Wednesday, December 8, 2010

Rs displaced Nu

Conversation 1: “What is the price of this? Rs 450?” a girl buying sandals asked the shopkeeper. “No! It is Rs 550, but you can take it @ Rs 500,” replied the shopkeeper. This is a conversation between a shopkeeper and his customer at Thimphu Market.

Conversation 2: “Aw, song request la. Please! Only Rs 100 for one song la,” a drayang girl was enticing her customer.

Conversation 3: “I want to fax Rs 8,000 to Trashigang. What is the charge?” inquired a man to an official behind the Post Office’s counter to fax his money. “Rs 420,” responded the official.

Conversation 4: “Bro, what’s the balance in your cell phone? I have an urgent call to make,” asked a lad to his buddy. “Rs 15,” retorted his friend and lent the phone.

Conversation 5: A daughter demanded her father, “Dad, give me Rs 700. I want to buy a short.”

Conversation 6: “You visit Om Bar. It’s a cool place. A bottle of Wedding Bells costs only Rs 150,” a RJ was talking to his female fan on air.

What wrong have you noticed from the above six different conversations?
There is discomfiture and foreignness in every conversation. This is what Bhutanese speak everyday, everyday committing mistakes. Rs, Rs…and Rs. We forget our own Ngultrum. We always use Rs for Ngultrum every time we have to deal with money or talk relating to money.

Last week, I attended a very important Workshop concerning the nation’s plans and policies. A handful of chilips was also attending it. A few officials of Executive Level made presentations, and it was quite embarrassing that they frequently uttered “Rs 7 lakhs”, “Rs 200 millions”.

There are also some Bhutanese manufacturing industries that don’t use our currency name on the packaged cover of the goods. For example, a local produced bread has the price marked on its cover, “Rs 15”.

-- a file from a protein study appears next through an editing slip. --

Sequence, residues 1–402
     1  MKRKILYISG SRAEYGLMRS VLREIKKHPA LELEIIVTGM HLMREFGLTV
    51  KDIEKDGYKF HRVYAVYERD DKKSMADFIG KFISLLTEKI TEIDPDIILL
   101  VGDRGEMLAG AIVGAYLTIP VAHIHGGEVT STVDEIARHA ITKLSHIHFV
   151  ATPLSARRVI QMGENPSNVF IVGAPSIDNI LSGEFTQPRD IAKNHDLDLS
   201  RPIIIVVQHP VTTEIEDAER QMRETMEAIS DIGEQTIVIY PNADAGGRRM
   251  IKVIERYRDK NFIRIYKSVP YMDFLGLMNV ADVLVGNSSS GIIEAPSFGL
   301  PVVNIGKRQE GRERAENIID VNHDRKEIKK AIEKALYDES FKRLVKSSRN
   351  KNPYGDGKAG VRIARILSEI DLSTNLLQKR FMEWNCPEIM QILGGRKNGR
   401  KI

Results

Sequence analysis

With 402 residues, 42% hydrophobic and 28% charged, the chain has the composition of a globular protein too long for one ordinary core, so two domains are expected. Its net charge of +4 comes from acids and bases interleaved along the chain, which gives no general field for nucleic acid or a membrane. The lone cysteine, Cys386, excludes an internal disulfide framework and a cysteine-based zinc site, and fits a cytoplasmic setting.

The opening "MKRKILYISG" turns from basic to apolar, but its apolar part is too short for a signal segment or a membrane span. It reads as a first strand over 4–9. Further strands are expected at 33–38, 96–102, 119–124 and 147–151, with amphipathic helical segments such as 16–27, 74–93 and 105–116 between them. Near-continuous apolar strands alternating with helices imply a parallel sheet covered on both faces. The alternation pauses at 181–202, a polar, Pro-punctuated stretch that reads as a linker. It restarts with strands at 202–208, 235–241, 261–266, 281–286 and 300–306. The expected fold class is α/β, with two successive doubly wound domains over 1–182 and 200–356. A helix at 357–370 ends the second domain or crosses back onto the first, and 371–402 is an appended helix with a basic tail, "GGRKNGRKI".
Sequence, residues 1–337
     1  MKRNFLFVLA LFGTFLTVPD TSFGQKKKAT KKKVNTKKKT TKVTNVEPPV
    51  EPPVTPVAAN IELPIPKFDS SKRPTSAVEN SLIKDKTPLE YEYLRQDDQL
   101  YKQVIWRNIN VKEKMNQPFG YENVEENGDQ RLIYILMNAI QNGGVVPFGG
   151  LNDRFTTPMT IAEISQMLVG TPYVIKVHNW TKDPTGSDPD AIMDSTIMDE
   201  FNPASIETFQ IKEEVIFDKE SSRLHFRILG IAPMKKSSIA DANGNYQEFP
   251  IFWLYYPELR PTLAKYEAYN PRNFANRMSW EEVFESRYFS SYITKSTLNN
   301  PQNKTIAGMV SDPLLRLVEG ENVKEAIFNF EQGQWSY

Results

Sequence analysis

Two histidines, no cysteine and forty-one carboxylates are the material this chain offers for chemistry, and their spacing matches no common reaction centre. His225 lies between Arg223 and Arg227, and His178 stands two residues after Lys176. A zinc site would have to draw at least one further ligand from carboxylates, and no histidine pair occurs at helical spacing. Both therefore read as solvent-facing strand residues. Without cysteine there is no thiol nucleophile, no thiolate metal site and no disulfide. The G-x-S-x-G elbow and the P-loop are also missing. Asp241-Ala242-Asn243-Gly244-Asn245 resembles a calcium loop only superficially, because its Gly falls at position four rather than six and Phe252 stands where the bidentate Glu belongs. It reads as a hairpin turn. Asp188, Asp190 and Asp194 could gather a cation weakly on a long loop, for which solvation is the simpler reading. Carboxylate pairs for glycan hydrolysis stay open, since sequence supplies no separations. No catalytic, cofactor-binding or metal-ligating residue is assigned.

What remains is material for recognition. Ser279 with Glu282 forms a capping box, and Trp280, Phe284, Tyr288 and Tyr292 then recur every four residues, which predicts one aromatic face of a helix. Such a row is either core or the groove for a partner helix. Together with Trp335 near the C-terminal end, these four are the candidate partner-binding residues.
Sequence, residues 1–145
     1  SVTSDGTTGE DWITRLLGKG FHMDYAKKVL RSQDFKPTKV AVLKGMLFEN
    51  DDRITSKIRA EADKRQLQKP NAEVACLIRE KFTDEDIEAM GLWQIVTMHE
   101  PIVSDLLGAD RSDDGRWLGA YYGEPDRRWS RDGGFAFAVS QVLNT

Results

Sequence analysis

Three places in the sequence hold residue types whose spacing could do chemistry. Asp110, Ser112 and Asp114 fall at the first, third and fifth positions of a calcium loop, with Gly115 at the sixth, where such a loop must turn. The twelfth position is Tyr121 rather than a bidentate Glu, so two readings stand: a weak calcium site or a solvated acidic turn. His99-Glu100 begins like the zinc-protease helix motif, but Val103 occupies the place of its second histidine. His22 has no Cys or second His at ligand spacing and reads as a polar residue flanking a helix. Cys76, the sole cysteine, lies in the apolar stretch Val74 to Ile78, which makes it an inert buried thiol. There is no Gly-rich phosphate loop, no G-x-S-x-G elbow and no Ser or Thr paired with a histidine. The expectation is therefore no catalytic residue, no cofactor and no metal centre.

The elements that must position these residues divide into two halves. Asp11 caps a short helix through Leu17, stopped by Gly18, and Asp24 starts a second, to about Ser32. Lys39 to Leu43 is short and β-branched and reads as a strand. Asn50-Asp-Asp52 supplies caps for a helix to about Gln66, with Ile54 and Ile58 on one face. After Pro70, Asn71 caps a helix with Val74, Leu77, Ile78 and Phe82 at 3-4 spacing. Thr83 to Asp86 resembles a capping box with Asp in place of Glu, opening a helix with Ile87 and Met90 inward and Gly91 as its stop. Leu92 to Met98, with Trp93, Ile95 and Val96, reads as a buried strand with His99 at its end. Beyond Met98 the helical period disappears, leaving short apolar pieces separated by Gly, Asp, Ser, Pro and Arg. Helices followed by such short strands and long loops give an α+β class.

Also, we frequently come across Rs in official letters like Note Sheet, Proposals, sanction order, Memo, etc.

But who is to blame for this?

Last week when I was solving Class IV mathematics problems for my nephew (student of Rinchen Kuenphen PS), I came across that the whole text book was Indian Education Curriculum based. “Mahesh has Rs 150. He gave away Rs 50 to his friend. Now, how much he has in his hand?” one of the problems from the text book reads.

Isn’t it high time for MoE to revise the school text books? The borrowed text books from India implant foreign diction in our youth which impairs our identity.

To avoid this error, all the school text books should be revised and the syllabus should be aligned with Bhutanese context.

There is also need to implement stringent laws on using Ngultrum on every official document or letter. Officials of all agencies or media organizations should be strictly directed to use Ngultrum, and anyone violating the directives should be dealt according to the rules.

1 comment:

  1. Totally agree with you la.....we are losing what's our's in borrowing what's other's.

    and that starts mostly in school and at home.....and yeah it ends finally at government sector lvl..and the cycle continues....

    its really high time we make Nu. used everywhere..n some foreign countries, they even donot use English, they use their own languages and scripts no matter how many tourist comes or goes....we should really make ourselves aware of such things...